I would like to suggest that we can also simplify that official definition of UDL into +1, and there is that +1 on your screen as well. +1 thinking means if there is one way that an interaction happens now, we should make just one more way. This is not perfect universal design for learning. And I don't think we will ever get to perfect UDL where there is just no need for individual accommodation. I think most of us on this call will still have jobs even after we implement universal design for learning. But before we get into strategies we should do a little defining of our terms. When we say UDL, we can think that we are referring just to learners with disability barriers in their environments. That's a common misconception among many of our colleagues.

So have you ever wondered why our disability support staff seem to be so overwhelmed lately? If you are one of them, you know the answer to this one. There are three good things happening that are causing that overwork: (1) we are at least nominally not discriminating against people based on their mental or physical characteristics. Now, yes, we have a long way to go yet. All the same, though, more and more different learners are part of our colleges and Universities than at any time in the past. And second, 2023 marks the first generation of college learners in Australia who have spent their entire K‑12 experience under the benefits of the Australian Disability Discrimination Act from 1998, the Disability Standards For Education in 2005, and the Disability Services Act in 2006. We are now starting to serve University and vocational Ed students whose prior experiences include self‑advocacy and more normalised help‑seeking behaviours. We are still on this journey as well.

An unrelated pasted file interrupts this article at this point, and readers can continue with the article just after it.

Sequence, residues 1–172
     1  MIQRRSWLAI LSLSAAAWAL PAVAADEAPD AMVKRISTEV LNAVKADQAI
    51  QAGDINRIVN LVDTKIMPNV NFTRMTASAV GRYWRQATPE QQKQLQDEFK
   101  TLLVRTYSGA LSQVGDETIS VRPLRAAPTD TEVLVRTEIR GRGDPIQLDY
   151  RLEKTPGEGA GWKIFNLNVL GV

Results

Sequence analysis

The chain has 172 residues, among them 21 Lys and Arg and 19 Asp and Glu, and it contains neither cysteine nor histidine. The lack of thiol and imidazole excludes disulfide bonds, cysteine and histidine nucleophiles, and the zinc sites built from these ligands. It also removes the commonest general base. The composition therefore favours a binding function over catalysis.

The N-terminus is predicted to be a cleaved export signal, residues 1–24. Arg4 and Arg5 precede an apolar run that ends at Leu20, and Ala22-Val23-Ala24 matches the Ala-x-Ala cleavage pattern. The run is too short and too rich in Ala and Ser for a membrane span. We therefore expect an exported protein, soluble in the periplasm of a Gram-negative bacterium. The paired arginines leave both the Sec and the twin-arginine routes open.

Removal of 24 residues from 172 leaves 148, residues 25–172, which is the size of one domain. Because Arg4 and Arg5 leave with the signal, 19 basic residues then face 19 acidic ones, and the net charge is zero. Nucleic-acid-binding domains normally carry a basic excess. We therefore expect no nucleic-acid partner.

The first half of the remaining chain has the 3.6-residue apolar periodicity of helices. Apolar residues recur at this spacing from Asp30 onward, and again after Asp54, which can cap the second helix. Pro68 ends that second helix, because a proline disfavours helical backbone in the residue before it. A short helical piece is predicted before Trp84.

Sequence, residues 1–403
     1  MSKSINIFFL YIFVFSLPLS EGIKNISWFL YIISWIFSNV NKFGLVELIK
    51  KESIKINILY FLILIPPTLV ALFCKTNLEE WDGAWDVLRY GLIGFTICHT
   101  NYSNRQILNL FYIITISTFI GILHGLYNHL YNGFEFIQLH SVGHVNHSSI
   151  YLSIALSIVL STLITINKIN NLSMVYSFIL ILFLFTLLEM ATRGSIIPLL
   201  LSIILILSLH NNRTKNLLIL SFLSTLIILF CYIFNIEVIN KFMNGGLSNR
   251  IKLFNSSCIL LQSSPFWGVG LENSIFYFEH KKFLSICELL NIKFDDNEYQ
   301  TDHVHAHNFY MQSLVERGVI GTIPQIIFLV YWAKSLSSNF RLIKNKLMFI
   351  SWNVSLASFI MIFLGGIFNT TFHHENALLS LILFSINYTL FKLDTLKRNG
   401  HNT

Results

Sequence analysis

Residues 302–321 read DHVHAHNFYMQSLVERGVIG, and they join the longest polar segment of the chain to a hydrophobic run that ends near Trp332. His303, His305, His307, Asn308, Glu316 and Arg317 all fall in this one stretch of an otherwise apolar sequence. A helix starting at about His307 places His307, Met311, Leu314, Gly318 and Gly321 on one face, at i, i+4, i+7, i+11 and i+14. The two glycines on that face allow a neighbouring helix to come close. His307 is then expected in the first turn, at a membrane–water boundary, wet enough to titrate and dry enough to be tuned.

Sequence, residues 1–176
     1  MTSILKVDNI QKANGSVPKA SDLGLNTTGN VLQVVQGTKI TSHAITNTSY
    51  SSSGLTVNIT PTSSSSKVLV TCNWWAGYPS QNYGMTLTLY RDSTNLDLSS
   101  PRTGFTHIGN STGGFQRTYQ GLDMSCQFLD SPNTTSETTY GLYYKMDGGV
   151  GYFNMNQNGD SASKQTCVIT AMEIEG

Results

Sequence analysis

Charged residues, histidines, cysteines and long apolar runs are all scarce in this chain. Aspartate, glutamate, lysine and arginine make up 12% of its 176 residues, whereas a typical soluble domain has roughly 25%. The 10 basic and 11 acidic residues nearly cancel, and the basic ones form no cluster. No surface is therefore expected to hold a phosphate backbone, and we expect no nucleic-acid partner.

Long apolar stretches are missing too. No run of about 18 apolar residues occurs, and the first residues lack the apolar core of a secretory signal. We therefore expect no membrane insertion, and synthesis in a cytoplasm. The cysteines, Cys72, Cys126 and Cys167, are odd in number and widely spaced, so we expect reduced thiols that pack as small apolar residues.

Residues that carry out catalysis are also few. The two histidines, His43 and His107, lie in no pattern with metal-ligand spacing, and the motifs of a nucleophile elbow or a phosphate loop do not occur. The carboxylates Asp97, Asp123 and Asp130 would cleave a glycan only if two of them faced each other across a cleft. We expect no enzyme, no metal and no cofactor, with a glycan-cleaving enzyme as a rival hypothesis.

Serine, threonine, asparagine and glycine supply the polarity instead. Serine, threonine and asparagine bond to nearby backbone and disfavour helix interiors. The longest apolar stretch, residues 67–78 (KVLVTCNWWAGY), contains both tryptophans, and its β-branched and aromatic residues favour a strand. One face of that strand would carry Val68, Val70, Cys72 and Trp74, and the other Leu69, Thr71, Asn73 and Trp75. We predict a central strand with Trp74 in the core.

And third, we've collectively identified a number of accommodations, things like extra times on tests, alternative format materials, interpreters in the classroom and notetakers that lower barriers effectively for people experiencing the most common barriers in our learning environments. And I want to give a shout, just as a pause here, Joanna in the chat, has put the link into that CRADLE Deakin resource that I mentioned earlier. Thank you for the support on that and finding that link.